What is a clawback agreement? It is an agreement permitted by Federal Rule of Evidence 502 allowing parties to “claw back” inadvertently produced attorney work product or attorney-client privileged information.
According to the Explanatory Notes, Rule 502 is a response to widespread complaints that preventing disclosure of privileged information during electronic discovery is a costly endeavor. To those ends, under Rule 502(b), inadvertent production of privileged information does not waive the privilege if the party took reasonable steps to prevent and rectify the disclosure.
Importantly, litigants may craft their own “clawback” or non-waiver agreements as an alternative to the language of Rule 502(b). Attorneys are well advised to enter into such agreements or include a clawback provision in an ESI or e-discovery protocol. When drafting and negotiating clawback agreements, here are some things to consider:
As noted, Rule 502(b) prevents the waiver of privilege only if disclosure is inadvertent and reasonable steps are taken to prevent and rectify the disclosure. However, many clawback agreements provide that any production of protected information may be clawed back regardless of inadvertence and regardless of reasonable steps taken to prevent disclosure (if any).
If parties want to maintain Rule 502’s reasonableness standard, they might consider detailing what, specifically, are reasonable efforts to prevent against the disclosure of privileged information. Specifying what constitutes reasonable efforts creates benchmarks to guide courts if disputes arise over the disclosure of protected information.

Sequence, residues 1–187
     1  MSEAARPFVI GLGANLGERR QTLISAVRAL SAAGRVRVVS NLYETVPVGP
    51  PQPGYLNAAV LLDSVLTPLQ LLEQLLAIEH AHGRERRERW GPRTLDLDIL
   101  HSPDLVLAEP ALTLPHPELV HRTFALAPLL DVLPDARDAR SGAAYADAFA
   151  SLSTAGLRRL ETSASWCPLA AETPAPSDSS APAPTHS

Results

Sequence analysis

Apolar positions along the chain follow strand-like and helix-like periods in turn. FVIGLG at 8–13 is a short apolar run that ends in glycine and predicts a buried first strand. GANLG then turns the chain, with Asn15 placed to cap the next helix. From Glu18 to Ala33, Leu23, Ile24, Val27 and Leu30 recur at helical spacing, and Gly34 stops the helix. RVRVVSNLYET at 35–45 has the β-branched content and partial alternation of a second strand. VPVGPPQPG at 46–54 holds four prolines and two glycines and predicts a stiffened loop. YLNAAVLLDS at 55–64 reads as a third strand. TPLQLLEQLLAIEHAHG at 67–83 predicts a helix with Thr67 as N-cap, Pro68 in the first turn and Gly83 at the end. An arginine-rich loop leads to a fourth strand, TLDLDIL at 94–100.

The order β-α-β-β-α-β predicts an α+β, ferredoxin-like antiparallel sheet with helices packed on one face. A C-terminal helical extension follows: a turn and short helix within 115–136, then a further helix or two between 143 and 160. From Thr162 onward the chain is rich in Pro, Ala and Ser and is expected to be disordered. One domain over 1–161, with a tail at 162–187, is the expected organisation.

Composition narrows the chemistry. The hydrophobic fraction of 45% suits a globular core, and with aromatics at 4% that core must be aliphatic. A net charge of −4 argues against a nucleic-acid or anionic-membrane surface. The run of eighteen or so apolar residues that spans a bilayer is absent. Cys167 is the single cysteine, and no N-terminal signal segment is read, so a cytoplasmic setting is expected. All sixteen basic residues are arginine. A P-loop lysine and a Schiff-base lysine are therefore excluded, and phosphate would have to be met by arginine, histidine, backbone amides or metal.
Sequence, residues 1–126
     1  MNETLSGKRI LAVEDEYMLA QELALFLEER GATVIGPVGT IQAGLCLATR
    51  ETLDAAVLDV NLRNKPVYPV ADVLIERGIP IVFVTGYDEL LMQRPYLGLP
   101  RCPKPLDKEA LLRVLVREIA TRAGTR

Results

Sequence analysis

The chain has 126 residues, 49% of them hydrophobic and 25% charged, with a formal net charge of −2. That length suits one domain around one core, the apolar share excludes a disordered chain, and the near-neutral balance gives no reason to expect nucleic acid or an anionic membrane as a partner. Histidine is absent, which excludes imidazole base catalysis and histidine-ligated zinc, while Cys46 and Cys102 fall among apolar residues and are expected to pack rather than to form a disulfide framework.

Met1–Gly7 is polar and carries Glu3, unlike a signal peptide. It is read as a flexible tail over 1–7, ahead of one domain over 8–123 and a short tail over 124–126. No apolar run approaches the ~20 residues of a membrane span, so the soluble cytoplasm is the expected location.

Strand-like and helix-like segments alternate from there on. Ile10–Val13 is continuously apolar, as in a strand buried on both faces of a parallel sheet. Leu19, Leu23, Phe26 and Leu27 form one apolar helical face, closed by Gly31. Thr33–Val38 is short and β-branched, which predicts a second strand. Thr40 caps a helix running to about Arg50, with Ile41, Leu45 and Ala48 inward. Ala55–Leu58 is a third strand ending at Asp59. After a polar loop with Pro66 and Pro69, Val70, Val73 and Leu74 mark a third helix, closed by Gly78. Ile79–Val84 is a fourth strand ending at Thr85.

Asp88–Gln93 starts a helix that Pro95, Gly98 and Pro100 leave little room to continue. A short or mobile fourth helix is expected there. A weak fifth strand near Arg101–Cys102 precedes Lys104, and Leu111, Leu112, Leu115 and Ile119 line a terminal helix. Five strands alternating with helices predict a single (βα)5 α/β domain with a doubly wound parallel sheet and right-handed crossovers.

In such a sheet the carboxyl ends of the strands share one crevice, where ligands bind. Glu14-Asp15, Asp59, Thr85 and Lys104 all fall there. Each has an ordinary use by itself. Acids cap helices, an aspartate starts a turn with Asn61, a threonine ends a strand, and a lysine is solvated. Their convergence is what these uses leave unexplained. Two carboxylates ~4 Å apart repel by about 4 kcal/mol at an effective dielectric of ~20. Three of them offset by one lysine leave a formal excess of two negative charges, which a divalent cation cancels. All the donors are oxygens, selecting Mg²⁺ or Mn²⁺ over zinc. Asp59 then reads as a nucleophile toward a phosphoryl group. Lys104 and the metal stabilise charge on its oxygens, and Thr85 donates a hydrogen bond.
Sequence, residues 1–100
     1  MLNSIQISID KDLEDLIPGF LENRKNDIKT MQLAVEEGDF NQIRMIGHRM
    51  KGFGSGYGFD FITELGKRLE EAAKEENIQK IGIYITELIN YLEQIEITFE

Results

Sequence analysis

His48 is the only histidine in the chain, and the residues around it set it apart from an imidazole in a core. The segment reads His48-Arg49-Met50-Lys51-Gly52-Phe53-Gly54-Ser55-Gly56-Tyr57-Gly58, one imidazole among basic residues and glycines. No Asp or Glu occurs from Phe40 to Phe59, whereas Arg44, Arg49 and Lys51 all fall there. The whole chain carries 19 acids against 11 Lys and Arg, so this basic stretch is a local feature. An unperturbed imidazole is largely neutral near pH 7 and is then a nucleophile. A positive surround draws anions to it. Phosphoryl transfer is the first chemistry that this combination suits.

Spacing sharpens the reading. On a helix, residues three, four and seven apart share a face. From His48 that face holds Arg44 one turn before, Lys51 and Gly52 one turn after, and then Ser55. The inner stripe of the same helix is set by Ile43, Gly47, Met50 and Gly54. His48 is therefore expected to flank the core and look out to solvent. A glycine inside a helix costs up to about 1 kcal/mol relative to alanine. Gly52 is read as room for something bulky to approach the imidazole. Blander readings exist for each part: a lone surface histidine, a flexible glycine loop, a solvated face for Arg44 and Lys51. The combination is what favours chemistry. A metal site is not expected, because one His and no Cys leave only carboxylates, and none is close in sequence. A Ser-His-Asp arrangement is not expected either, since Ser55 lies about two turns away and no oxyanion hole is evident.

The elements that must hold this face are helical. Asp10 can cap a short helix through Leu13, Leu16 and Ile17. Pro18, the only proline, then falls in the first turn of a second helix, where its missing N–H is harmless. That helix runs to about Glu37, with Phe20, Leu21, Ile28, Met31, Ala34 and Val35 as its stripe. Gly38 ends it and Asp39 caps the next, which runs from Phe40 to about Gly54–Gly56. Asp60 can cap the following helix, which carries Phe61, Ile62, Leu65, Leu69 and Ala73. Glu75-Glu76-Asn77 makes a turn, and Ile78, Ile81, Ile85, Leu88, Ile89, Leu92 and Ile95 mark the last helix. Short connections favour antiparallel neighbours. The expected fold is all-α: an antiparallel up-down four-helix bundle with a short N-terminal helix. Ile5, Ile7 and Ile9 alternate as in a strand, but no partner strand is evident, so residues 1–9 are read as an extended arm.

As noted, Rule 502(b) states that to maintain attorney-client privilege or work product protection, the producing party must “promptly [take] steps to rectify the error” in producing privileged materials. However, a clawback provision may alter the requirement of prompt action. Parties may agree that privileged documents may be clawed back at any time, or may specify when parties must notify the others of the production of protected information and may how notice is to be provided. For instance the agreement may require 14 day written notice with an explanation of the basis of the privilege.
Non-waiver agreements often detail what meet and confer requirements are necessary before bringing privilege disputes before the court and may also establish deadlines within which the matter must be raised. Clawback agreements sometimes also specify who bears the burden of establishing the privileged nature of the disputed information.
It is important to note that under Rule 502(e), if a clawback agreement is not incorporated into a court order, it binds only the parties to the agreement. Thus, clawback language is often included in protective orders entered by the court. Along these lines, it is worth noting that if one party will not agree to a clawback clause, there is nothing preventing the other from unilaterally asking the court to enter a non-waiver order.
For further reading about Rule 502(e) clawback agreements take a look at this opinion in Klein v. Facebook, Case No. 20-cv-08570-LHK (N.D. Calif. June 3, 2021). The court examined in detail the issues discussed above. For a sample clawback agreement and examples of clawback provisions, see the model order from the Fordham Law Review.